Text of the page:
College Board’s SAT has been a source of test day jitters for aspiring college students since 1926. The test and testing methods have evolved, but the jitters and the best ways to cope with them haven’t: Study until your confidence level tames those nerves, and know what to expect on SAT test day.
What to Know Before You Go
If you haven’t scheduled the test, these College Board websites can tell you what you need to know about:
When it comes to test day rules, College Board covers all the bases here:
College Board is serious about its rules on electronic devices allowed in the testing area: “If your device makes noise or you are seen using it at any time, including during breaks, you may be dismissed immediately, your scores can be canceled, and the device may be confiscated, and its contents inspected.”
Prohibited devices include cell phones, audio players or recorders, tablets, laptops, notebooks, timers, cameras, digital watches, and any devices “that can be used to record, transmit, receive, or play back audio, photographic, text, or video content (with the exception of CD players used for Language with Listening Subject Tests only).”
Once You’re There
It helps to know what to expect come test day, and College Board offers a deep dive on the details of taking the test. There’s even a video on tips to prepare for test day, along with a checklist of what to take and what to leave at home. Here are some of the day's key elements:
You don’t have to be an SAT veteran to have a feel for what the test will be like, but it helps if you have taken advantage of practice tests, which also afford scholarship opportunities. Here’s how the testing progresses:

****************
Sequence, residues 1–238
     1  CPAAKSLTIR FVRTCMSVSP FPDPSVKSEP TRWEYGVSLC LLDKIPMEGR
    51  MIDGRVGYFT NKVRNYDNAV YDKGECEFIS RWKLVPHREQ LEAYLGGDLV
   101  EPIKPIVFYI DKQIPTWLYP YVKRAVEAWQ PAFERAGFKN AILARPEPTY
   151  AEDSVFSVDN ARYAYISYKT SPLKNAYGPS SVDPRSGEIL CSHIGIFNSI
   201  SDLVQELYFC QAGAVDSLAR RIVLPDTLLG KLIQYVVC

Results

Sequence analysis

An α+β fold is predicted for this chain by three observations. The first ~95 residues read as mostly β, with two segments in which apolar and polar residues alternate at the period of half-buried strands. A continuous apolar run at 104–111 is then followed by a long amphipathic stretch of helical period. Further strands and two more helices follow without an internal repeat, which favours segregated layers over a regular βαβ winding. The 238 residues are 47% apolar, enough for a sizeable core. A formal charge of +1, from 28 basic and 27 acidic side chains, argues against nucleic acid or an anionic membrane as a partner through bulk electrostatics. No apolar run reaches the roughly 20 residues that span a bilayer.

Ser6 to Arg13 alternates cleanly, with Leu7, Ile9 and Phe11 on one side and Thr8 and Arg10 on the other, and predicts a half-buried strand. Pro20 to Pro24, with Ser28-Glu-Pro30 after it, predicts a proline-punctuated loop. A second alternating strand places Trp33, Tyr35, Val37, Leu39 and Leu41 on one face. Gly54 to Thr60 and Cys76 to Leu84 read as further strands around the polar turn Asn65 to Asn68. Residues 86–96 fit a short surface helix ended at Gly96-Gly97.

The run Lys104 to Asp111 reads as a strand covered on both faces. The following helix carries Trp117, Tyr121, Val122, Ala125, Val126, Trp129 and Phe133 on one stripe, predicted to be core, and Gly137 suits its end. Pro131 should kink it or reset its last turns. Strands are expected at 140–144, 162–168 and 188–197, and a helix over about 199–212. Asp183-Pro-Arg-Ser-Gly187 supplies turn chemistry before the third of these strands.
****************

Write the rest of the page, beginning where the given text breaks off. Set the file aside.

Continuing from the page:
- 65-minute reading section (five passages to read and 52 questions to answer)
- 10-minute break for snacking and bathroom time
- 35-minute section on writing and language
- 25-minute section on math (no calculator)
- 5-minute break
- 55-minute math section (with calculator)
- If you’re not doing the essay section, you’re done.
- Essay participants get a two-minute break, then tackle the 50-minute writing section.
The process takes about four hours if you aren’t doing the essay section and about five if you are doing the essay section:
- Test sites open at 7:45 a.m.
- No one admitted after 8 a.m.
- Testing begins between 8:30 and 9 a.m.
- Projected completion time for test without essay is 12 p.m.
- Projected completion time for test with essay is 1 p.m.
Other things to expect:
- The proctor will collect prohibited electronic devices before testing begins.
- Seating will be assigned by the test coordinator.
- Test coordinator will read test instructions aloud and answer questions on procedures.
- Test coordinator will signal start and finish times on each section.
- Starting a section early or revisiting sections isn’t an option.
- Skipping a section “may result in score cancellation, delays, or both.”
- After testing, the coordinator will inventory test books to ensure everything has been returned, then return electronic devices and dismiss participants.
Packing for the Test
You definitely will need:
- At least two No. 2 pencils
- Your admission ticket and photo ID
- Acceptable calculator
Things that could make your day easier include:
- Spare calculator and batteries
- Snacks and drinks for breaks
- A watch with no alarms and no calculating or computing capacity
If you’re at the SAT stage of the college admissions game, it’s about time to start sizing up your college options. It might be too costly to visit each campus that interests you, but virtual tours are an affordable and efficient option.
About Joe Emerson
Joe Emerson spent 30 years as a magazine and newspaper reporter, editor and copyeditor who turned to freelancing after 20 years with The Tampa Tribune, which closed in 2016 after 125 years of serving the Tampa Bay area. Writing and delivering valuable information remain his passion.